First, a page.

28 U.S.C. § 2254
Note 1, supra
Wolfs v. State, supra note 1, 255 Ark. at 99, 498 S.W.2d at 879
"But we are not disposed to fashion a per se rule requiring reversal of every conviction following tardy appointment of counsel or to hold that, whenever a habeas corpus petition alleges a belated appointment, an evidentiary hearing must be held to determine whether the defendant has been denied his constitutional right to counsel.' We are of the same view.' Wolfs v. State, supra note 1, 255 Ark. at 103, 498 S.W.2d at 881
Lay, Modern Administrative Proposals for Federal Habeas Corpus: The Rights of Prisoners Preserved, 21 DePaul L.Rev. 701, 714 (1972); 28 U.S.C. § 2254(d)
West v. Louisiana, 478 F.2d 1026, 1032 (5th Cir. 1973), citing Townsend v. Sain, 372 U.S. 293, 318, 83 S.Ct. 745, 9 L.Ed.2d 770 (1963); Brown v. Allen, 344 U.S. 443, 506-507, 73 S.Ct. 397, 97 L.Ed. 469 (1953) (Frankfurter, J.)
Recently the Court declined to 'fashion a per se rule requiring reversal of every conviction following tardy appointment of counsel' and reaffirmed its case by case approach. Chambers v. Maroney, 399 U.S. 42, 54, 90 S.Ct. 1975, 1982, 26 L.Ed.2d 419 (1970). See Avery v. Alabama, 308 U.S. 444, 60 S.Ct. 321, 84 L.Ed. 377 (1940); Powell v. Alabama, 287 U.S. 45, 53 S.Ct. 55, 77 L.Ed. 158 (1932). Such has been the rule in this circuit. United States v. Briddle, 443 F.2d 443, 451 (8th Cir. 1971); Lupo v. United States, 435 F.2d 519, 522--523 (8th Cir. 1970); United States v. Schroeder, 433 F.2d 846, 852 (8th Cir. 1970), cert. denied, 400 U.S. 1024, 91 S.Ct. 590, 27 L.Ed.2d 636 (1971); Kress v. United States, 411 F.2d 16, 22 (8th Cir. 1969); Stamps v. United States, 387 F.2d 993, 995 (8th Cir. 1967); Ray v. United States, 197 F.2d 268, 271 (8th Cir. 1952)
A See our recent discussions of the 'farce and mockery' standard in Garton v. Swenson, 497 F.2d 1137 (8th Cir. 1974) and McQueen v. Swenson, 498 F.2d 207 (8th Cir. 1974).
Rastrom v. Robbins, 440 F.2d 1251, 1253 (1st Cir.), cert. denied, 404 U.S. 863, 92 S.Ct. 53, 30 L.Ed.2d 107 (1971). See Waltz, Inadequacy of Trial Defense Representation as a Ground For Post-Conviction Relief in Criminal Cases, 59 Nw.L.Rev. 289, 329--31 (1964)
There is a 'critical interrelation between expert psychiatric assistance and minimally effective representation of counsel.' United States v. Edwards, 488 F.2d 1154, 1163 (5th Cir. 1974); see Brinkley v. United States, 498 F.2d 505 (8th Cir. 1974)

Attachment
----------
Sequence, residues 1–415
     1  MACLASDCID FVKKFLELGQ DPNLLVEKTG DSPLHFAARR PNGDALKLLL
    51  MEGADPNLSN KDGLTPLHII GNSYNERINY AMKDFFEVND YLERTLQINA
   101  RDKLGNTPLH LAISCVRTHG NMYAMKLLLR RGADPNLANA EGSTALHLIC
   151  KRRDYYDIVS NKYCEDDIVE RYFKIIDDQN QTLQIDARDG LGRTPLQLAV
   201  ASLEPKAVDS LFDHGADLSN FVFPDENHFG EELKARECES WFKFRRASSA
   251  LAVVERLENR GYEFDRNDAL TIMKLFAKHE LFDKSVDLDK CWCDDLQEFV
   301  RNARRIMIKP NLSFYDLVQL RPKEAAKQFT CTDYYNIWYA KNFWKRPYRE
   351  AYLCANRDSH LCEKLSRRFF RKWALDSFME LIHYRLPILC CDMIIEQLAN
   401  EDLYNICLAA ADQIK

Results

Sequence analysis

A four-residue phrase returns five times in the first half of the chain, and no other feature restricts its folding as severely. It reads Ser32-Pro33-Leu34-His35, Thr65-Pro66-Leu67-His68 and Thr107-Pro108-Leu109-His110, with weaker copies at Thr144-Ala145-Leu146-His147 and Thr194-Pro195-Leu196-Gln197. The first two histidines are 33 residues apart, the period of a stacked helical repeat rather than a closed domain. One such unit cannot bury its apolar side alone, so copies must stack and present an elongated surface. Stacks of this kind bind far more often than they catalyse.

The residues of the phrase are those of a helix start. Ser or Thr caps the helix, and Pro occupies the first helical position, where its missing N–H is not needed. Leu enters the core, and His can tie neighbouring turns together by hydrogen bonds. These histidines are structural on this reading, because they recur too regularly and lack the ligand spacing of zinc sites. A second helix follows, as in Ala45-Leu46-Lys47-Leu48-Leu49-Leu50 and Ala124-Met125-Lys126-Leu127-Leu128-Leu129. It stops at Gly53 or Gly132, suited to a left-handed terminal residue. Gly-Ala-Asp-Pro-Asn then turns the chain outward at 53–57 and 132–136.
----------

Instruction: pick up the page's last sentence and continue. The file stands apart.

Dr. Finch personally interviewed defendant for about fifty minutes; in addition his secretary conducted psychological tests which Dr. Finch interpreted
He had lived most of his life in Tucson, Arizona, and only approximately three months were tried
Ark.Stat. § 43--2307 (1964); see generally McGautha v. California, 402 U.S. 183, 91 S.Ct. 1454, 28 L.Ed.2d 711 (1971). 'While much has been written on the questions whether jury sentencing is desirable and whether it is compatible with the modern philosophy of criminal sentencing that 'the punishment should fit the offender and not merely the crime,' Williams v. New York, 337 U.S. 241, 247, 69 S.Ct. 1079, 1083, 93 L.Ed. 1337 (1949) (the Supreme) Court has never expressed doubt about the constitutionality of that practice.' Chaffin v. Stynchcombe, 412 U.S. 17, 21--22, 93 S.Ct. 1977, 1980, 36 L.Ed.2d 714 (1973) (footnote omitted)
Another witness sought by defendant as a character witness was interviewed 'in the hall,' but 'his appearance was shabby' since he had just gotten off work and was still in his blue jeans, and it was decided not to use his testimony
Defendant had been convicted twice for public drunkenness, once for disorderly conduct and once for the sale of amphetamine tablets
The District Court in its opinion noted that 'No question is raised here as to the competency of (defense counsel) to represent the petitioner, or as to their good faith, diligence, and devotion in his cause, and it is evident from the record that they did the best that any reasonably competent attorney could be expected to do with the tools at hand.'